If you have a second mortgage on your Connecticut home, you know that your second mortgage holder has the same right as your primary mortgage holder to foreclose on your home if you fail to make your required mortgage payments. What you may not realize, however, is that if you file for Chapter 13 bankruptcy in order to reorganize your debts, you may be able to prevent your second mortgage holder from exercising its foreclosure rights. As SFGate.com explains, such a procedure goes by the name of lien stripping.
Unlike a Chapter 7 bankruptcy that discharges your consumer debt but fails to protect your home, a Chapter 13 bankruptcy is a debt reorganization that gives you the opportunity, usually over a three- or five-year period, to get caught up on your debts. Not only does Chapter 13 save your home from foreclosure, in many cases it also can strip your second mortgage holder of the lien it has on your home.
Secured versus unsecured creditors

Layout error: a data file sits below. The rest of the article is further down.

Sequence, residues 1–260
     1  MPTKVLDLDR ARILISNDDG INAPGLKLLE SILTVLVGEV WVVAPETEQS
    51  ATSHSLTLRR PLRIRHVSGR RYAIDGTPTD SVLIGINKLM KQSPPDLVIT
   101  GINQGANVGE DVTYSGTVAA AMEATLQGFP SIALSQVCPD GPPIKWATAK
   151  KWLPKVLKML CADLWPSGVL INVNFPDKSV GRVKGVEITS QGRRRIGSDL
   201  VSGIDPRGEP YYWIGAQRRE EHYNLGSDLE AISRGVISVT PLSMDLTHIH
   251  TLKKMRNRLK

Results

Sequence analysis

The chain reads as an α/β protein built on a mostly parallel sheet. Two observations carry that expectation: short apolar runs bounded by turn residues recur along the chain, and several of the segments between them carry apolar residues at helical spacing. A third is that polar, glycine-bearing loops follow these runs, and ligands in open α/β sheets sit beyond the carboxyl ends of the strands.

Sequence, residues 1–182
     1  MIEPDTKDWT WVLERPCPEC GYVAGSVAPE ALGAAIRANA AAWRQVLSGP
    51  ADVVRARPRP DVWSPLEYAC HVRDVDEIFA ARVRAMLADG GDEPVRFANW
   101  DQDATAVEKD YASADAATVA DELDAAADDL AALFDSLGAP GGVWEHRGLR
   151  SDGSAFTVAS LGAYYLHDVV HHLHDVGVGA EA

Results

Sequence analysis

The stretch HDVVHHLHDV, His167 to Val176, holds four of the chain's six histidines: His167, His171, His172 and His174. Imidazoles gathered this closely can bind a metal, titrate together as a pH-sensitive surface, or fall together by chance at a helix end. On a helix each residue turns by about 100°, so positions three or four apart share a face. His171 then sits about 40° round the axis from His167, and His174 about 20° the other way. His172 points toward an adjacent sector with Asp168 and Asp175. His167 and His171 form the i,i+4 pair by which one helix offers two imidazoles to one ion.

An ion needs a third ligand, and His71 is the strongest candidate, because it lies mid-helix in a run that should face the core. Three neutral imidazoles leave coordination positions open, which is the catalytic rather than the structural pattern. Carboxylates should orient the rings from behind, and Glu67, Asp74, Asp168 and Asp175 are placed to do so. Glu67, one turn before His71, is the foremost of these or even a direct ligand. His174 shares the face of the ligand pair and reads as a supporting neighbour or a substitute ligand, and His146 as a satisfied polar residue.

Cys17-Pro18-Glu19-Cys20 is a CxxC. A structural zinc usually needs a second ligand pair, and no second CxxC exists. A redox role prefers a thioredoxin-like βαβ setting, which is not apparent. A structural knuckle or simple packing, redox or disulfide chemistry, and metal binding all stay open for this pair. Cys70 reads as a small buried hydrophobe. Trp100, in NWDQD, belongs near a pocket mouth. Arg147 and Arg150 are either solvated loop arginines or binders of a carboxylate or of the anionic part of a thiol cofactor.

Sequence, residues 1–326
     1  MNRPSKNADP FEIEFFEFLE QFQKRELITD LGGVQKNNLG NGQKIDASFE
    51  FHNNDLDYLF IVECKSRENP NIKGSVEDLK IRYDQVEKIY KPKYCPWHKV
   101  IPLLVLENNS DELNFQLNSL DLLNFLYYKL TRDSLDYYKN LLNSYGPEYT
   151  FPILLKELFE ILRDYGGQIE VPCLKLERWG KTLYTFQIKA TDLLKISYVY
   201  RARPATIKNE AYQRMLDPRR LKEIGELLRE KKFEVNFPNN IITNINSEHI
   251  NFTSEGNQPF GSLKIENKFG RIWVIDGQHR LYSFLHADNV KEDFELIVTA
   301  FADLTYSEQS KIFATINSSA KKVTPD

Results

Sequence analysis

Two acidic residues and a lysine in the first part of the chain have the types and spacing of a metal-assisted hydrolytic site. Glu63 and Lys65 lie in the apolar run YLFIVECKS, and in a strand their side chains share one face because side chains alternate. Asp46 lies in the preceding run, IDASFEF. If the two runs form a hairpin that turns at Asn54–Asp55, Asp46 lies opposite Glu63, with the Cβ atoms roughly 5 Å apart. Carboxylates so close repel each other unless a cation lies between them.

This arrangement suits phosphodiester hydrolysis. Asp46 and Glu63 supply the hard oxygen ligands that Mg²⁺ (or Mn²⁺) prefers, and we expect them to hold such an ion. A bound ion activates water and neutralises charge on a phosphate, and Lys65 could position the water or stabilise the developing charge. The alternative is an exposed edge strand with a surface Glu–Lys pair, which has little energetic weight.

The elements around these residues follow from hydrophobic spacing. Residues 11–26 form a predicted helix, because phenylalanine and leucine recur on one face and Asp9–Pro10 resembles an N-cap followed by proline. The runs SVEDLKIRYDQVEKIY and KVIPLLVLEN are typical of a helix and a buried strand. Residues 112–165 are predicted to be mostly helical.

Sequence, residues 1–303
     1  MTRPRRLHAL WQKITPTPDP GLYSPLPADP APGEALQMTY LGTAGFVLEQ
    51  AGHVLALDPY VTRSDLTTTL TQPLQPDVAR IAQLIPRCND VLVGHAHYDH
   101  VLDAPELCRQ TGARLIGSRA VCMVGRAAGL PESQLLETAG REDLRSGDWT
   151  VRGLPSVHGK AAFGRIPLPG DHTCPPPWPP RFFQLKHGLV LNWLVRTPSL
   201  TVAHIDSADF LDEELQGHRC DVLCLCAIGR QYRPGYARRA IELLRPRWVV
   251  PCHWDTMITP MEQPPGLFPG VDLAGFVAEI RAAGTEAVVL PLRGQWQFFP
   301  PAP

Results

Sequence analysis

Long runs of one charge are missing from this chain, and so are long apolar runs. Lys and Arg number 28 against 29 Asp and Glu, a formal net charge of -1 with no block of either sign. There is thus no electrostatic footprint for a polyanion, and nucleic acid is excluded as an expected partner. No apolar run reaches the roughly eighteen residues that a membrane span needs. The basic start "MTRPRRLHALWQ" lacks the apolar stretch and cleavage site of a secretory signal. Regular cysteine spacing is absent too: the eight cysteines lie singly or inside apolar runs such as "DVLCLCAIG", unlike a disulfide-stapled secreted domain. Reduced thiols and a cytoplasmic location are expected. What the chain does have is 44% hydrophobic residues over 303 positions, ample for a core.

Chapter 13 does this by means of designating your second mortgage holder as an unsecured creditor rather than a secured one, especially if you have little or no equity in your home. Your unsecured creditors have few if any rights of recovery in a Chapter 13 bankruptcy.
The main hallmark of Chapter 13 bankruptcy is that you establish a court-approved payment plan to repay your debts over time, often at the reduced rates you negotiate with your secured creditors. Your unsecured creditors, on the other hand, are a separate creditor class. Once you successfully fulfill your payment plan obligations and therefore end your bankruptcy period, the court can discharge your unsecured debts and eliminate any liens associated therewith. In all likelihood, however, you will need to petition the court for lien stripping of your discharged unsecured debts.
Once you successfully strip your second mortgage lien, you can ask your lender to return to you the promissory note and/or property deed you gave it when you took out your second mortgage. You also can ask your lender to remove the lien strip from your credit history. Since some lenders are loath to comply with your requests, you may need help from a bankruptcy attorney to accomplish your goals.
This information is not legal advice, but it can help you understand lien stripping and what to expect.